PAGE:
Introduction to FTIR
In Fourier transform infrared spectroscopy (FTIR), infrared radiation is passed through a sample. The resulting spectrum represents the molecular absorption, creating a molecular fingerprint of the sample.
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The primary uses of (FTIR) are:
- Identification of API as a routine analysis
- Identification of impurities
- Quantification of components in mixtures, for instance determination of content of amorphous material in a crystalline sample (percent crystallinity).
- Examination of changes in the solid state due to interactions with excipients – i.e. compatibility studies in order to chose the most stable excipients for the final product.
Instrument and measuring principles, FTIR
When a material is irradiated with infrared radiation, absorbed IR radiation excites molecules into a higher vibrational state. The wavelength of light absorbed by a particular molecule is a function of the energy difference between the at-rest and excited vibrational states. The wavelengths that are absorbed by the sample are characteristic of its molecular structure.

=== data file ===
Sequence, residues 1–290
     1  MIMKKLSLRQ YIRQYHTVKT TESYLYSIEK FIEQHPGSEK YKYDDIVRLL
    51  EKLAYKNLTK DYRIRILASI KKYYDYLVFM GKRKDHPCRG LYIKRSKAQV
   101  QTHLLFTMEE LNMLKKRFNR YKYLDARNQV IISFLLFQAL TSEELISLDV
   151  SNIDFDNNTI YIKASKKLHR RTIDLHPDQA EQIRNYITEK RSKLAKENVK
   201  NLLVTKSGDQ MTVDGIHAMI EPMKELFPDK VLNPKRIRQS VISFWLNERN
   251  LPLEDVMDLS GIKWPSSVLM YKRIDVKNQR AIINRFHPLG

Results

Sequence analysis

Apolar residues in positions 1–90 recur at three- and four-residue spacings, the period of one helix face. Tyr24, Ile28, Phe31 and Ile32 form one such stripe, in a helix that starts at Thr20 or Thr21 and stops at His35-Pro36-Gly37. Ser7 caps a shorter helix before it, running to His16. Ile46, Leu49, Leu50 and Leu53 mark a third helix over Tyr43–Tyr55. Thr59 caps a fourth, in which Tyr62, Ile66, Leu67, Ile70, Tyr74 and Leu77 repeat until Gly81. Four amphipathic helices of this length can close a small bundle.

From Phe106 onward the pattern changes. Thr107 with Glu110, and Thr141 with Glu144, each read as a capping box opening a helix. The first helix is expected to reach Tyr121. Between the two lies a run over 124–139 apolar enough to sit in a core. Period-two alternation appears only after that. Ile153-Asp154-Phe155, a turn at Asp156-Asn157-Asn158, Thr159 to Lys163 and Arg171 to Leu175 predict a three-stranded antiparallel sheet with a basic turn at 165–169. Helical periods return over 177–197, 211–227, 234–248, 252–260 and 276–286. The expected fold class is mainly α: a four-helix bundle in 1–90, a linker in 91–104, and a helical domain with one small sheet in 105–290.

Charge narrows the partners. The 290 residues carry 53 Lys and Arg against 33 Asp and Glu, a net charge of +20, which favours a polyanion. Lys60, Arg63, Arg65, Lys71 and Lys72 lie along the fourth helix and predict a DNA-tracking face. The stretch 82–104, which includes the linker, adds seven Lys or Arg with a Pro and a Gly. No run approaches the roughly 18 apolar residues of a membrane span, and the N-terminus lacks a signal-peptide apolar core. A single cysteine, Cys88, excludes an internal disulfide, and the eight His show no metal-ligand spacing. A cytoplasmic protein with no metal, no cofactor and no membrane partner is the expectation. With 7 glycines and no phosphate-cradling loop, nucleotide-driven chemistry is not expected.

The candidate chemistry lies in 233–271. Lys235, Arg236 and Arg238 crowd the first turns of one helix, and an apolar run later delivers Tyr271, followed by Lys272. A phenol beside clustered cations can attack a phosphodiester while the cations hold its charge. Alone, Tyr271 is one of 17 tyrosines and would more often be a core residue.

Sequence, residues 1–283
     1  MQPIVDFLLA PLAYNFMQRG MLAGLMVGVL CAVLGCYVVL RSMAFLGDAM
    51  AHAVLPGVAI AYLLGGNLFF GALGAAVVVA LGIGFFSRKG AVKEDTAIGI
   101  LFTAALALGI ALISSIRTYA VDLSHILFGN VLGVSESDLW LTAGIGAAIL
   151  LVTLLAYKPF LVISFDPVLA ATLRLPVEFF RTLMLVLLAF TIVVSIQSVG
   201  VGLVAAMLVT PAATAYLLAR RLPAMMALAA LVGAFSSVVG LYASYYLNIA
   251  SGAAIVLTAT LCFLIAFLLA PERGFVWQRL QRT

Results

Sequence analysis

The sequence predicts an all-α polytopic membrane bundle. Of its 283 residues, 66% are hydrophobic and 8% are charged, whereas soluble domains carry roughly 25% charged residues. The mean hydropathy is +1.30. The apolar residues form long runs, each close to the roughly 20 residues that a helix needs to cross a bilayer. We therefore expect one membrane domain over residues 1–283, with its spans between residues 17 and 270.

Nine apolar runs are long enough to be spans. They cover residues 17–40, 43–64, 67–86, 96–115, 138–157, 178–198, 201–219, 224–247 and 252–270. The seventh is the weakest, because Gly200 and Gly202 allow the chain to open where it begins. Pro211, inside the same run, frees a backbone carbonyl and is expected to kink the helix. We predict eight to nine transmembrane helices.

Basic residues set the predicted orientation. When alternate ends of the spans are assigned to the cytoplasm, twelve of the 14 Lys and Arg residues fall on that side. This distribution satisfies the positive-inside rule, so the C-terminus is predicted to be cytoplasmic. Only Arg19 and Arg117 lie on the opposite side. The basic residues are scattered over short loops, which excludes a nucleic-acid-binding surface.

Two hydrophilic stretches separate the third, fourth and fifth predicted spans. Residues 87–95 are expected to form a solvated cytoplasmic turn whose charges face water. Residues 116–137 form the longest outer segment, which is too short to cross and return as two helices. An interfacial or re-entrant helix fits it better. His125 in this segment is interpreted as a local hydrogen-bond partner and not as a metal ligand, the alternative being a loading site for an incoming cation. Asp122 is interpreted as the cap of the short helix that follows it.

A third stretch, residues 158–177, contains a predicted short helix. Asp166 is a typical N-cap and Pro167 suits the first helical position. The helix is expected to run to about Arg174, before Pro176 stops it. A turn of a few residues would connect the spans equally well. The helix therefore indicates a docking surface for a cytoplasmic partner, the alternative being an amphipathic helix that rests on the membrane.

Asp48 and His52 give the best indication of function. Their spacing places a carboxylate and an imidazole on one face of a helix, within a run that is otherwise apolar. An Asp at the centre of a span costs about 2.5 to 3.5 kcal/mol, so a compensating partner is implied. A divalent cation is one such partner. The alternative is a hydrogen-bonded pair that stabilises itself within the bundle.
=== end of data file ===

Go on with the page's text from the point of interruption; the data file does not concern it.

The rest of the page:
The region from 1500 – 400 wavenumbers is referred to as the fingerprint region. Absorption bands in this region are generally due to intramolecular phenomena and are highly specific to each material. The specificity of these bands allows computerized data searches within reference libraries to identify a material, including ID of impurities. Further FTIR can used for quantification of components in mixtures, for instance determination of content of amorph material in a crystalline API, as the absorbance is proportional to the content of the given component. I.e. using FTIR the percent crystallinity of a sample can be determined.
|Instrument||Spectrum One from Perkin Elmer with SPECAC Golden Gate ATR unit|
|Sample amount||1-5 mg|
|Result||FTIR generates absorption or transmission spectra as a function of wavenumbers. Measuring range: 4000-500 cm-1|